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Point of View: Yes, in many states, people can still be fired for being gay

Mary Sanchez
Mary Sanchez

Religious conservatives are cleearly confused and agitated.

After all, they gave it their best effort, endlessly admonishing about “Adam and Eve, not Adam and Steve.” They were insistent that love is only love when it occurs between a man and a woman.

But despite decades of political campaigns, pulpit pounding and other fervent attempts to portray gays and lesbians as less deserving of God’s love, less deserving of societal recognition and certainly unfit for marriage, those battles have largely been lost. Thank God.

Now, they’re circling back to old tropes, dismissing science yet again and doubling down on a new target — transgender people — in a new attempt to torpedo the Equality Act.

What is the Equality Act?

A mishmash of state laws currently governs LGBTQ protections. The result is that in about half of the states, LGBTQ people can lose employment, or be denied an apartment, or the right to be in a public space, due to their sexual identity or gender orientation. But they’d need a state-by-state guidebook to know where they have rights, what sort and where they don’t.

It’s astounding. The nation protects gay marriage and has an openly gay Cabinet member, but Secretary of Transportation Pete Buttigieg and his husband could be fired or denied a house in many states.

The Equality Act would end that.

The Equality Act passed in the House on Feb. 25, 224-206. But in the Senate, gaining enough votes to override a filibuster is threatened. The Act would amend the 1964 Civil Rights Act to include sexual orientation and gender identity along with the categories of race, religion, national origin, etc.

The stall tactic

The current attempt to gut the legislation and muddy the waters is for statehouses to proclaim that their efforts are to protect vulnerable children, usually little girls. Little girls who want to use a girls’ only bathroom, no trans girls allowed. Little girls who want to run track or play high school volleyball, again, no trans girls allowed.

Admittedly, many straight, cisgender people may be honestly confounded by the debate surrounding trans people. Nonbinary and transgender issues and rights may be something many don’t or would rather not contemplate. It may be because they assume that the issue is primarily about sex acts and genitalia, bedrooms and bathrooms, instead of just human beings who are equally deserving of rights and respect.

People don’t understand gender dysphoria, which is the emotional distress of a person whose gender identity doesn’t conform with the sex they were assigned at birth, usually determined by a doctor’s assessment of external genitalia.

Underline this part: The confusion is not coming from those born with gender dysphoria.

The muddy waters

A lot of the pushback is framed around protecting girl’s participation in sports.

Unfortunately, that argument is further stirred by some high-profile athletes who weighed in via a campaign that sought to protect Title IX, the federal law that has been used to guarantee equal access to sports for girls and women.

The Women’s Sports Policy Working Group supported the Equality Act, but with asterisks to reaffirm Title IX. Others argue that the distinctions they made are completely unnecessary.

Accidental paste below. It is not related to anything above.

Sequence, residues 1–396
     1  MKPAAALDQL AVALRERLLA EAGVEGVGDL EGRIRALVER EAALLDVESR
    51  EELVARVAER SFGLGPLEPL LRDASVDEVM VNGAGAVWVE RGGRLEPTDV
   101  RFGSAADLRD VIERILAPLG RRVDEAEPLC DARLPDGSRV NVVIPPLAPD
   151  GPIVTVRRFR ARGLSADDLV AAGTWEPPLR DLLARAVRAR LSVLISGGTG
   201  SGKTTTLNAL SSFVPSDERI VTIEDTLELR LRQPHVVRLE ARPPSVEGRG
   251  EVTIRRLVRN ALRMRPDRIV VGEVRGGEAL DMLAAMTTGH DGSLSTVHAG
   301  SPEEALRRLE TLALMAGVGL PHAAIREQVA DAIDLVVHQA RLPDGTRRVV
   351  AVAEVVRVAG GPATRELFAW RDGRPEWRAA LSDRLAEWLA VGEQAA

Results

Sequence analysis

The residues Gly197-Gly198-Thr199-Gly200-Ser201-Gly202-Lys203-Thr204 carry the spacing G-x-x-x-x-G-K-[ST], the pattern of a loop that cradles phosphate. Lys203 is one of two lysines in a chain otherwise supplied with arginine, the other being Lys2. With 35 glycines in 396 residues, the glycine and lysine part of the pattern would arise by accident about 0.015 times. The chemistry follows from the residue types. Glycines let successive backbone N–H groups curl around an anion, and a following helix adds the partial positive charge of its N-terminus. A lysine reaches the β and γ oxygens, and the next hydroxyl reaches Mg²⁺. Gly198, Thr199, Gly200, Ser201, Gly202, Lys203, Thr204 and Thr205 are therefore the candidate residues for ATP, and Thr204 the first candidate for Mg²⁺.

The group proposed standards that would ask schools to differentiate between youth who had reached the onset of puberty and those who hadn’t or were using hormone therapy, while still advocating for trans youth’s participation in competitive sports.

The pushback came swiftly, with advocates saying that acceptance, not sliding scales to determine hormone limits are best for the health of children.

Nevertheless, the controversy only fueled other, less well-meaning campaigns. States are considering bills that would completely ban trans children from sports other than their assigned-at-birth gender, would limit the type of medical attention they could gain as minors, criminalize doctors who offered it and prohibit people from updating their birth certificates by name and gender.

It’s a lot of effort to fight what science and the medical profession knows about gender dysphoria: It’s real, and society can inflict suffering by pretending otherwise.

Time to catch up

The general public needs to catch up and not be misled by politicians or religious leaders spouting bad science.

Trans athletes don’t have a lock on outperforming cisgender athletes. There is no rush of boys claiming to be trans, just so that they can swoop in and dominate on girls’ sports teams. The NCAA and the organizations governing international competitions have standards to monitor for fairness.

And criminals like pedophiles are not swarming to claim transgender status so they can lurk and attack girls in bathrooms.

Religious conservatives, just like religious liberals, can believe whatever they wish to uphold under the banner of faith.

They can decry that their God disdains homosexuality, or conversely that God’s love is all encompassing.

They can claim that trans people are simply “confused,” or accept what science and medical professionals say.

No one should be able to discriminate against someone in a public space and call it their faith, their religious right to do so.

The Equality Act simply seeks to codify this fairness into law.

Readers can reach Mary Sanchez at and follow her on Twitter @msanchezcolumn.